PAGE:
The World’s Toughest Mudder makes a marathon look like a casual stroll. The race is run for 24 hours non-stop. Participants must fight off sleep while conquering roughly twenty of the “biggest, baddest, most insane obstacles” scattered across a 5-mile course. It’s survival of the fittest: Whoever completes the most amount of laps wins.
Some of the obstacles are in water, which can drop down to freezing temperatures. To prevent hypothermia, all participants run in wetsuits. While on land, the wetsuit helps preserve the body’s warmth since body heat tends to dissipate over the course of the grueling 24 hours.
Boone is a corporate attorney at Apple by day. When she first started training, she couldn’t do a single pull-up. She’s now a four-time world champion and among the best obstacle racers in the world.
Her secret is to subject her body to the same intense conditions that she’ll experience during the race. “You don’t race on a treadmill with Netflix in front of you,” Boone says, “so you shouldn’t be doing your training like that.”
The rain, the snow, the dark, the cold, the wetsuit—they all beckon Boone. By the time the race rolls around, she has been desensitized to the conditions awaiting her. She greets them with a smile that seems to say, Nice to see you again. Let’s dance.
There’s a name in rocket science for how Boone trains: test as you fly, fly as you test. According to the “test as you fly” rule, tests on Earth must mimic, to the greatest extent possible, the same conditions in flight. Rocket scientists test the spacecraft as the spacecraft will fly. If the test is successful, the flight must take place under conditions identical to the test. In a machine as complex as a rocket, any significant deviance between the test and the flight can result in catastrophe.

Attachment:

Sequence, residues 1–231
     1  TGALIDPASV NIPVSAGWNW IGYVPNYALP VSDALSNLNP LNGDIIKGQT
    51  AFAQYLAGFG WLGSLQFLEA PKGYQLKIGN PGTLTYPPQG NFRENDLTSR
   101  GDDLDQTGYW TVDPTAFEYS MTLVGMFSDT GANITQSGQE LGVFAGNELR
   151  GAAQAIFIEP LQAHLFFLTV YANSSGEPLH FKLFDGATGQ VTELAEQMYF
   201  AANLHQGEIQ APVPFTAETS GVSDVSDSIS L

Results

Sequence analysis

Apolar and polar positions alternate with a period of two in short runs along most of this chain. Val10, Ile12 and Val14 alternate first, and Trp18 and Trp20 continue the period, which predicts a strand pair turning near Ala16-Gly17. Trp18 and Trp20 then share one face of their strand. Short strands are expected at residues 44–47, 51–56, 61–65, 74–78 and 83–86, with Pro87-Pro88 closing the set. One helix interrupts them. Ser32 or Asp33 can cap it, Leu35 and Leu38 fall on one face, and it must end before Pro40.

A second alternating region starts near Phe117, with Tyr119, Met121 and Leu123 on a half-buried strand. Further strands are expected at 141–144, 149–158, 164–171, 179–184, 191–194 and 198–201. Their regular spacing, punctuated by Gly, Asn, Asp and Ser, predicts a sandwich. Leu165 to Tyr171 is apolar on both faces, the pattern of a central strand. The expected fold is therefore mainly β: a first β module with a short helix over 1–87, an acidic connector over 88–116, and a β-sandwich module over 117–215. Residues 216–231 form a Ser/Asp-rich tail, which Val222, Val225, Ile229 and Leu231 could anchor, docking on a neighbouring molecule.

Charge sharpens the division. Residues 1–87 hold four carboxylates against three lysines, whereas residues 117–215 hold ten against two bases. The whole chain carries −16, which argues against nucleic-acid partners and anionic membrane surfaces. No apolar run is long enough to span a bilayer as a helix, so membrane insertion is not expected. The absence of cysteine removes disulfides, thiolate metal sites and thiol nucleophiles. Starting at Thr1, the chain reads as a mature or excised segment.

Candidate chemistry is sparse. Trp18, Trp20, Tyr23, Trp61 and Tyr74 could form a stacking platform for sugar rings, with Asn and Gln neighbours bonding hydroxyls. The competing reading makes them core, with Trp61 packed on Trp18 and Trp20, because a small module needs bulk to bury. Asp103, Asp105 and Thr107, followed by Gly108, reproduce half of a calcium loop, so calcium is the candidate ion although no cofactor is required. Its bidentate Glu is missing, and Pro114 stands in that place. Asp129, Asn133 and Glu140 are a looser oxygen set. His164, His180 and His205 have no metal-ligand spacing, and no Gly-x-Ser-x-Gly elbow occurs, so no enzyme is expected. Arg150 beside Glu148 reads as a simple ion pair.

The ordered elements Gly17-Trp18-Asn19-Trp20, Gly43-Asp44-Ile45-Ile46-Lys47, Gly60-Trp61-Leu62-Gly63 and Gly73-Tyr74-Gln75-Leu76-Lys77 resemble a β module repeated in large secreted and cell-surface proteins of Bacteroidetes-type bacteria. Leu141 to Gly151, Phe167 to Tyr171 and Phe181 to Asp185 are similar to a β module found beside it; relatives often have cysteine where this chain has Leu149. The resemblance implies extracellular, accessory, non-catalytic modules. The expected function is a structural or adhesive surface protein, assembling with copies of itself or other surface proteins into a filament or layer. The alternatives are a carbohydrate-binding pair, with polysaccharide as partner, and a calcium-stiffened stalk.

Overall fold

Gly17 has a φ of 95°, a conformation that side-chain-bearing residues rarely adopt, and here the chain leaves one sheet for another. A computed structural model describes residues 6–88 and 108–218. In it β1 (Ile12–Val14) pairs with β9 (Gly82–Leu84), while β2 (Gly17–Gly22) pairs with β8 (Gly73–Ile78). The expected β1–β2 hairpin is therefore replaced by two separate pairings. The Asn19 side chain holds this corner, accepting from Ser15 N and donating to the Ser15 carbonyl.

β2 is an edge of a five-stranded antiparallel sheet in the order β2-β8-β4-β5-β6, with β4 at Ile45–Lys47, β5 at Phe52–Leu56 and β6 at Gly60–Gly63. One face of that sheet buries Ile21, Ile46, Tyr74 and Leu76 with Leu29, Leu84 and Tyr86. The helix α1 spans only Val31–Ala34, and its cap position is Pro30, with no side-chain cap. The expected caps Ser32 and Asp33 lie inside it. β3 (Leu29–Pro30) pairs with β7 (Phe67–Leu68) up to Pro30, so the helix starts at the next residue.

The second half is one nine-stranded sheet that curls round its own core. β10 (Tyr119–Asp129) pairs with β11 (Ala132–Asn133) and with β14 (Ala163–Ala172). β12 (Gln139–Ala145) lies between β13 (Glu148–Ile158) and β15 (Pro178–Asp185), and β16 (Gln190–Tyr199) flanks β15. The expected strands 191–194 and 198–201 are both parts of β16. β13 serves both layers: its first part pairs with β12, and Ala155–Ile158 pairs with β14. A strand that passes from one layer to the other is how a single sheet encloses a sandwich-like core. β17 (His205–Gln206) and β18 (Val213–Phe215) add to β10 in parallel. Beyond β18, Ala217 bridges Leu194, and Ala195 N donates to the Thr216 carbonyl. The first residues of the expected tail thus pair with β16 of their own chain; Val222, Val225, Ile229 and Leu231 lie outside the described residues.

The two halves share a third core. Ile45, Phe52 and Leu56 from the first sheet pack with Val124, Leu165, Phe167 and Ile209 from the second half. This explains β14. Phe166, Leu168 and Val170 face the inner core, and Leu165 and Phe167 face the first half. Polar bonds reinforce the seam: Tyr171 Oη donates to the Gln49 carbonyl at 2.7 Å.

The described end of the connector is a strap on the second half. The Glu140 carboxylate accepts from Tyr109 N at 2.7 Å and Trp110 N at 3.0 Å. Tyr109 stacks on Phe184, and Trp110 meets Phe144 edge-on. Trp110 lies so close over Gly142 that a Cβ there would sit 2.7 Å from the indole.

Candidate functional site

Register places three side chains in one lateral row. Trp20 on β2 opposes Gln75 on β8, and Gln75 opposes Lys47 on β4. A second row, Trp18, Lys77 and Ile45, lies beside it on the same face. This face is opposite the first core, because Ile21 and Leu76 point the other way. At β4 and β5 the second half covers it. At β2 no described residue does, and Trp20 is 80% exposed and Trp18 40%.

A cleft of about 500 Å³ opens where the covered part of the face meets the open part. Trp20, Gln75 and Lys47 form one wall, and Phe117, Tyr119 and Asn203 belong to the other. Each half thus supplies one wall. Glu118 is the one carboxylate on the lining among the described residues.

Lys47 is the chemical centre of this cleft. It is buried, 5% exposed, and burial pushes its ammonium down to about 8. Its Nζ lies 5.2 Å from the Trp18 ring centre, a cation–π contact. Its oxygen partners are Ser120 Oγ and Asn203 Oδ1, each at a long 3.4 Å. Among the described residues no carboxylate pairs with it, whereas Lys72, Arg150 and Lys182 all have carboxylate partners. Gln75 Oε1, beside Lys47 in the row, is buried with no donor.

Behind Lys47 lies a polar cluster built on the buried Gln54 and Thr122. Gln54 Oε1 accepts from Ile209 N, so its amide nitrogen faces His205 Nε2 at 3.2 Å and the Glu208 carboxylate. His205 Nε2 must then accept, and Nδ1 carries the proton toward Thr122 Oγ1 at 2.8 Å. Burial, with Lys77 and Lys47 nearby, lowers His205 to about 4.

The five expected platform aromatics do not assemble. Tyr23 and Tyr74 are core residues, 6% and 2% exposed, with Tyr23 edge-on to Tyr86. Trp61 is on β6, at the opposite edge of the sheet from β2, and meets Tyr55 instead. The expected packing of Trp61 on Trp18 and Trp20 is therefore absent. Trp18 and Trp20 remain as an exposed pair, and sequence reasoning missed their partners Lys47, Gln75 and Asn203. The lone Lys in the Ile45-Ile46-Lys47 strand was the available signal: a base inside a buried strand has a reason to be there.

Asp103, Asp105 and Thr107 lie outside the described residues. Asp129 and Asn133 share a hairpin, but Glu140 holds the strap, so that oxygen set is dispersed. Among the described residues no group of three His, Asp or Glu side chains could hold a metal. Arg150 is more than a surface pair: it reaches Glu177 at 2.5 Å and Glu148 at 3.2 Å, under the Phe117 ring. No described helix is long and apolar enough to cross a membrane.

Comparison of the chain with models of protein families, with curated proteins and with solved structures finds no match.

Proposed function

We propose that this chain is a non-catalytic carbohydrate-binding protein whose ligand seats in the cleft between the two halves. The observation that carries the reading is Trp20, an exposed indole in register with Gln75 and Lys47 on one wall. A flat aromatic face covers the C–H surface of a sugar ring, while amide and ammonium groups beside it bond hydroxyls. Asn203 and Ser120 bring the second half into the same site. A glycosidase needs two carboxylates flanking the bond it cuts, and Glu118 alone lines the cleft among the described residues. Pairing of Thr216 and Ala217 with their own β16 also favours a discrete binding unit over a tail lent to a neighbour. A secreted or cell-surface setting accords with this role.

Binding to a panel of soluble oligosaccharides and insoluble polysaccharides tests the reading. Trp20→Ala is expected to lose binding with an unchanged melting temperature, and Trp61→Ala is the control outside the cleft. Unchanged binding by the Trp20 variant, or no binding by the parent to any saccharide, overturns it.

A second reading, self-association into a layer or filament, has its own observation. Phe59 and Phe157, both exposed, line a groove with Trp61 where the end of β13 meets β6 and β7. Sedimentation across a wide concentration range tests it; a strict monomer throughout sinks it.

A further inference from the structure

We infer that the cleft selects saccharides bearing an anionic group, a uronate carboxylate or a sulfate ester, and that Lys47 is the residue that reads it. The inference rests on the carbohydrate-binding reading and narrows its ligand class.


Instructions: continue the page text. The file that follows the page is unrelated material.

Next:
The same principle applies to the training of astronauts. The day-to-day reality of an astronaut’s life is vastly different than the glamour you see in Hollywood movies. Astronauts are workhorses, not space cowboys. They don’t fly in space for a living. They train and prepare for a living. “I’ve been an astronaut for six years,” writes Chris Hadfield, “I’ve been in space for eight days.”
The remainder of their career is spent on preparation. By the time astronauts fly on their mission, they’ve flown the route countless times on simulators. These simulators generate crises on Earth, which prepare astronauts for actual crises in space. Astronauts practice computer crashes, engine troubles, and explosions, while constantly asking themselves, “What’s the next thing that can kill me?”
Most of us ignore the “test as you fly” rule. In our personal and professional lives, most practices are superficial dress rehearsals that double as exercises in self-deception. We practice in conditions that are disconnected from reality. We do mock job interviews in our sweatpants with a friend using a predetermined set of questions. We practice a major speech in the comfort of our home, when we’re fully rested and awake. As a result, on gameday, we are blindsided and we choke.
If we applied the “test as you fly” rule, we would practice our speech in an unfamiliar setting, after downing a few espressos to give us the jitters. We would do mock interviews while wearing an uncomfortable suit and with a stranger ready to throw curveballs at us.
Whether it’s a rocket launch, athletic training, or a job interview, the underlying principle is the same: Test as you fly—subject yourself to the same conditions you’ll experience during the flight—and you will soon begin to soar.